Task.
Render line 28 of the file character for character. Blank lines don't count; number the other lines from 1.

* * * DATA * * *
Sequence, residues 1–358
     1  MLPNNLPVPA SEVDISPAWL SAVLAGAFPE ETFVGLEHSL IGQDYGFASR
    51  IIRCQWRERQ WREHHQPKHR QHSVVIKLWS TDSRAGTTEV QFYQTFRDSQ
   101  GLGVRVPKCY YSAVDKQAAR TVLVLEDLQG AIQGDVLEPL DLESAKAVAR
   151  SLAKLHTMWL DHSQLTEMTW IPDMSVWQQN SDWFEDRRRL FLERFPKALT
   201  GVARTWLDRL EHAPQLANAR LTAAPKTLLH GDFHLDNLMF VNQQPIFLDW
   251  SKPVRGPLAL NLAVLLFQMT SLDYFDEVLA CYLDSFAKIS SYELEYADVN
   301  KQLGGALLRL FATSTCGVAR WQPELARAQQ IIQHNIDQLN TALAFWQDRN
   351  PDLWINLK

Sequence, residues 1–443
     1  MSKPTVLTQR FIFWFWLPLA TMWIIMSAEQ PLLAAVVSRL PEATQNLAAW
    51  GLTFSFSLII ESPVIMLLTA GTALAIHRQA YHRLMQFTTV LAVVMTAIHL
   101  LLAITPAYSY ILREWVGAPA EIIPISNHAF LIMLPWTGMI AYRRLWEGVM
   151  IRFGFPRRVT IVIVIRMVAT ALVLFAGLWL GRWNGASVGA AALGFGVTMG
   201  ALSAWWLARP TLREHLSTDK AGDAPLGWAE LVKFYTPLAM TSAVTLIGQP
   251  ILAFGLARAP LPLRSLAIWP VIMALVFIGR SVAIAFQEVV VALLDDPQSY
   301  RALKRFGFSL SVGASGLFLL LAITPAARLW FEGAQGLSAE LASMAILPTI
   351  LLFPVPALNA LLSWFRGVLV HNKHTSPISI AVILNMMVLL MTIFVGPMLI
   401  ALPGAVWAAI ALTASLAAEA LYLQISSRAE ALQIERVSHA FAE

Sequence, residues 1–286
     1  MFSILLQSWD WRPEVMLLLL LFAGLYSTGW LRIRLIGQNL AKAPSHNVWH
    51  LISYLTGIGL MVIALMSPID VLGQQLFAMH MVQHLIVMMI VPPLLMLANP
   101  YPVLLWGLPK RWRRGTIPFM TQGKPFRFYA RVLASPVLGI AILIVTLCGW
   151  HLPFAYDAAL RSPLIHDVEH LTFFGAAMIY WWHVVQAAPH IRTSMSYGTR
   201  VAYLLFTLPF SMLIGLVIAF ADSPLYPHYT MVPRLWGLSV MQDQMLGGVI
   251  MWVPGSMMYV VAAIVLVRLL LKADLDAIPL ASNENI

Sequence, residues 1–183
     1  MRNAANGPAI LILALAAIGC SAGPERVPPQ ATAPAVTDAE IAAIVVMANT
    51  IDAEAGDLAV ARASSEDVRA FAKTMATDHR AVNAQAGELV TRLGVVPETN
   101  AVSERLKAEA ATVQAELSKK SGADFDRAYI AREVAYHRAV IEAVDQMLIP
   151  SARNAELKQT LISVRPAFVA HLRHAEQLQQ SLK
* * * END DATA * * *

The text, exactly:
     1  MRNAANGPAI LILALAAIGC SAGPERVPPQ ATAPAVTDAE IAAIVVMANT